Nearly a decade and a half ago I became an activist. For two years I led weekly peace marches protesting the Occupation of Iraq.
But the first anti-war protest I led wasn’t about Iraq. It was about Iran.
On January 11th, 2007, the US raided the Iranian Liaison Office in Ebid. The day after the news broke I talked to one of my friends and that Sunday we were leading a peace march protesting what we thought was a war on the horizon. The US seemed intent on provoking Iran into giving Bush an excuse to invade – rhetoric had turned into a flagrant violation of sovereignty and another war seemed to loom on the horizon.
This story probably sounds familiar if you have seen the news about the US assassination of Iranian General Qassem Soleimani in a Baghdad airport.
On January 2nd, 2020, the US government confirmed it had killed Major General Qassem Soleimani. The General was the leader of Iran’s Quds Force (an elite special operations branch of the Iranian Revolutionary Guard), a popular military figure in Iran, and one of the architects of Iran’s foreign policy. Several others were killed in the airstrike, including several members of the Iraqi Popular Mobilization Forces—a state sponsored umbrella organization for numerous Iraqi militias. This comes on the heels of a series of airstrikes in Iraq and Syria conducted by the US Government against Kata’ib Hezbollah; it is worth noting these airstrikes sparked violent protests at the US embassy in Baghdad. The day after the assassination, it is being reported that 3,000 troops are being deployed to the Middle East. These events obviously did not come out of nowhere. Iran has been goading the US for months and successfully forced President Trump into a corner – in part because his policy since assuming office has been to escalate (Rational Security provides a nice summary of the topic).
The US is being greeted with familiar platitudes. Senator Tom Cotton said the war would take “Two strikes, the first strike and the last strike,” which is notably faster than Donald Rumsfeld’s 2002 prediction for Iraq of “Five days or five weeks or five months, but it certainly isn’t going to last any longer than that.” Senator Lindsay Graham called the attack “a pre-emptive defensive strike,” a succinct newspeak summary of the core of The Bush Doctrine. Meanwhile Mike Pompeo, the man who beat Lindsay Graham for Secretary of State, told CNN that he expects the Iranian People to “view the American action last night as giving them freedom,” a nice callback to Dick Cheney’s infamous “we will, in fact, be greeted as liberators” quote. Not to be outdone, Mike Pence is truly resurrecting the march to war with Iraq by claiming that Iran helped orchestrate 9/11.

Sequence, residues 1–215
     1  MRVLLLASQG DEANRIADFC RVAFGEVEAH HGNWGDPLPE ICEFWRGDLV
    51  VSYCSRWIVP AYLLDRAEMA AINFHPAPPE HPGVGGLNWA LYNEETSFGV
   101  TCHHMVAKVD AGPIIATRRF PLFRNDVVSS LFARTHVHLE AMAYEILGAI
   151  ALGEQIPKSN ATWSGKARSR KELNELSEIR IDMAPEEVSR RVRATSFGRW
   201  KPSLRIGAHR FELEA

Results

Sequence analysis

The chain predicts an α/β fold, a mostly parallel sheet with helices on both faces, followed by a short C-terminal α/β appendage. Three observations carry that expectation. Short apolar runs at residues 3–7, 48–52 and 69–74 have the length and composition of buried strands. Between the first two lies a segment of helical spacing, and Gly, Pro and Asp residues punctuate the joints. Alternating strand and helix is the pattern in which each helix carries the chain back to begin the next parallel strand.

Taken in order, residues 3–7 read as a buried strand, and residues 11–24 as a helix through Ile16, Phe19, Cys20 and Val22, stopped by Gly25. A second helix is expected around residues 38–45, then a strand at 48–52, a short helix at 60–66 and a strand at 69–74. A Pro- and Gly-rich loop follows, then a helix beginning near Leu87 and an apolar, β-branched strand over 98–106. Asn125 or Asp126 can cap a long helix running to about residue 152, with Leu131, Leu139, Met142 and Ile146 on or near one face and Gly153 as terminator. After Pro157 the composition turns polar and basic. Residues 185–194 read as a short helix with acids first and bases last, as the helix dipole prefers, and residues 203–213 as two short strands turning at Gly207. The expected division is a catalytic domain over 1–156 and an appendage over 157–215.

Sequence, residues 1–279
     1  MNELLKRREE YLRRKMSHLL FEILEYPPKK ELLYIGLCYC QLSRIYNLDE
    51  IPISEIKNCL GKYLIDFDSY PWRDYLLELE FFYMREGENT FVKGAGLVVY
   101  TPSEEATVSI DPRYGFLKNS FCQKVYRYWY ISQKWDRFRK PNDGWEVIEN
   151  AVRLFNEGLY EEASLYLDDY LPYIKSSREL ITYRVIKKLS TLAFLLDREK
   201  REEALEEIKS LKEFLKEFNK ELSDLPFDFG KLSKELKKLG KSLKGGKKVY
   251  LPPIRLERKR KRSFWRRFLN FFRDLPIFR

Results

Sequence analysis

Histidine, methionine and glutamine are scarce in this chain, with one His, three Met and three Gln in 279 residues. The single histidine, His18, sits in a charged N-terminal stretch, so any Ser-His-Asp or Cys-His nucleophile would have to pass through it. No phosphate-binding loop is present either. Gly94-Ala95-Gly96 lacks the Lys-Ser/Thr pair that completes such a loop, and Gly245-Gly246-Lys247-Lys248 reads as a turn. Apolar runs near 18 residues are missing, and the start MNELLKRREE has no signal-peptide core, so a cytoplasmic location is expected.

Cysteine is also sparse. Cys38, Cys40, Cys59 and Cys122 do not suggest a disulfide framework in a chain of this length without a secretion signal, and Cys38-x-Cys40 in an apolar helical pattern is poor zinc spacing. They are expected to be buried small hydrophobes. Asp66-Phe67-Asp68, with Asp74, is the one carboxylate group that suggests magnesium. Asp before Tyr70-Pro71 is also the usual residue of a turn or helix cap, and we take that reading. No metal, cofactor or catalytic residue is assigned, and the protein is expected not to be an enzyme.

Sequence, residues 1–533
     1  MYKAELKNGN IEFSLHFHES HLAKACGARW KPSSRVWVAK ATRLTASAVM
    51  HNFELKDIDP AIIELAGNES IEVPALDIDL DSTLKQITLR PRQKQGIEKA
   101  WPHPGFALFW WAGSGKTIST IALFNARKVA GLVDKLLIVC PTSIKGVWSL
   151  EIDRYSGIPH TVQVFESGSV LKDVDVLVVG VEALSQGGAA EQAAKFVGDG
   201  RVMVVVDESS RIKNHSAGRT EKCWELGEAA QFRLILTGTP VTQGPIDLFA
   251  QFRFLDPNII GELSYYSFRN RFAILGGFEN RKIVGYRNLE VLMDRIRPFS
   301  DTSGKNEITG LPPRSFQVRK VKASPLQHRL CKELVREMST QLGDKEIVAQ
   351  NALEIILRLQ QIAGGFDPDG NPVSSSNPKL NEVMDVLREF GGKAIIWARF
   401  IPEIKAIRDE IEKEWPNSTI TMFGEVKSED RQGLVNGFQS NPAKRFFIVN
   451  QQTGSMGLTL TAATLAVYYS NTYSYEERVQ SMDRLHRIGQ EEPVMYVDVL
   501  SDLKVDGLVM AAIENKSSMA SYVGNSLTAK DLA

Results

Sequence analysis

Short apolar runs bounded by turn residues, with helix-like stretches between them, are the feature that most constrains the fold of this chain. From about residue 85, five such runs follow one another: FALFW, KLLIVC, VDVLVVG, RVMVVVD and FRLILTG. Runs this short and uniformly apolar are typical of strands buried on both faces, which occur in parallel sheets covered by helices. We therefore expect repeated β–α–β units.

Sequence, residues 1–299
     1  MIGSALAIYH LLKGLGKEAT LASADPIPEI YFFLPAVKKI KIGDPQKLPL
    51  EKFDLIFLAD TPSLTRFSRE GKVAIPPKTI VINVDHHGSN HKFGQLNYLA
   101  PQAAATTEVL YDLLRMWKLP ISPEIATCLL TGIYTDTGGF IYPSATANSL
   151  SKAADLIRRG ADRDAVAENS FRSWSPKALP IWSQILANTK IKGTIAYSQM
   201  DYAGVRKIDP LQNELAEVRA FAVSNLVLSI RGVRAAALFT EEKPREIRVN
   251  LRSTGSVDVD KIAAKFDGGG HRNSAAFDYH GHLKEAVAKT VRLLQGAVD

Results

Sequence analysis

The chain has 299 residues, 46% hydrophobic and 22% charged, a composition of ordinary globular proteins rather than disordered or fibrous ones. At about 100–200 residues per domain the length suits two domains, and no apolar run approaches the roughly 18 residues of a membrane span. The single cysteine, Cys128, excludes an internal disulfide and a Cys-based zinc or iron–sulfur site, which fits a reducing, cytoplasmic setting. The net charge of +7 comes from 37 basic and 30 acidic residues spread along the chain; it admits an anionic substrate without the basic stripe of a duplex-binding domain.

This rhetoric is nothing new, and I am sure the parallels will only grow as time goes on. That said, unlike the invasion of Iraq, there is serious pushback coming from within the US political system. The Democratic Party appears united in opposition to the threat of war and Nancy Pelosi’s ability to rally her majority in the House of Representatives should not be underestimated. War is, in my estimation, unlikely; I think there is only a 15% chance of a conflict that kills over 500 US soldiers (so an “expected value” of ~75 US soldiers and who knows how many civilians dead for…something).
If the world is lucky, this will turn into just another partisan battle in the US. Of course the damage won’t end there. The US Congress won’t punish Trump for this violation of the War Powers Clause (90% confidence), it probably won’t even react, reinforcing the President’s ability to use the military however (s)he wants. The US’s relation with Iraq has been seriously harmed and this will only embolden the pro-Iranian voices within the Iraqi government. Meanwhile, this not only confirms everything hardliner anti-US politicians in Iran have been saying for decades, but it gives them a martyr around whom to rally. If Iran, or China, or Russia, or any other actor the US opposes kills a high ranking US official in an airstrike what will we say; “Hey that’s wrong, unless we do it”?
My older friends with clear memories of a time when the US wasn’t at war. I hope to experience that someday.